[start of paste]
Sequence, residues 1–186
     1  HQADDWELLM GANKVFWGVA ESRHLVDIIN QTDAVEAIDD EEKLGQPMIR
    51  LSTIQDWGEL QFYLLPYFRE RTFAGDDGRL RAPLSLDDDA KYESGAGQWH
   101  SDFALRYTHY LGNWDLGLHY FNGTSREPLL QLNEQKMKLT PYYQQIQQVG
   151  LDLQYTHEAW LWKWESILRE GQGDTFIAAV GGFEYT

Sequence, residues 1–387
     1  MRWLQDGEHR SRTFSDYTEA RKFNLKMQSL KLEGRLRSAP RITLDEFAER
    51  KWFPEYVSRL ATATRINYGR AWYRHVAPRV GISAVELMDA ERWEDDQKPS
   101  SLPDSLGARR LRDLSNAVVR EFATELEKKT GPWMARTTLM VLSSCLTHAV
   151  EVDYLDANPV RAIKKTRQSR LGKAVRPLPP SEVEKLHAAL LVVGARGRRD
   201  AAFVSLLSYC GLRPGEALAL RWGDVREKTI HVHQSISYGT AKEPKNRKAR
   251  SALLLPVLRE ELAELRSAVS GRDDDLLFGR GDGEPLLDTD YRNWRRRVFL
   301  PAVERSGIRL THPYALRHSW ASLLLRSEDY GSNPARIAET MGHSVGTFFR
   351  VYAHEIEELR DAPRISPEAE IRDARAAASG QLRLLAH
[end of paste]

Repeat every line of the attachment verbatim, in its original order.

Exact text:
Sequence, residues 1–186
     1  HQADDWELLM GANKVFWGVA ESRHLVDIIN QTDAVEAIDD EEKLGQPMIR
    51  LSTIQDWGEL QFYLLPYFRE RTFAGDDGRL RAPLSLDDDA KYESGAGQWH
   101  SDFALRYTHY LGNWDLGLHY FNGTSREPLL QLNEQKMKLT PYYQQIQQVG
   151  LDLQYTHEAW LWKWESILRE GQGDTFIAAV GGFEYT

Sequence, residues 1–387
     1  MRWLQDGEHR SRTFSDYTEA RKFNLKMQSL KLEGRLRSAP RITLDEFAER
    51  KWFPEYVSRL ATATRINYGR AWYRHVAPRV GISAVELMDA ERWEDDQKPS
   101  SLPDSLGARR LRDLSNAVVR EFATELEKKT GPWMARTTLM VLSSCLTHAV
   151  EVDYLDANPV RAIKKTRQSR LGKAVRPLPP SEVEKLHAAL LVVGARGRRD
   201  AAFVSLLSYC GLRPGEALAL RWGDVREKTI HVHQSISYGT AKEPKNRKAR
   251  SALLLPVLRE ELAELRSAVS GRDDDLLFGR GDGEPLLDTD YRNWRRRVFL
   301  PAVERSGIRL THPYALRHSW ASLLLRSEDY GSNPARIAET MGHSVGTFFR
   351  VYAHEIEELR DAPRISPEAE IRDARAAASG QLRLLAH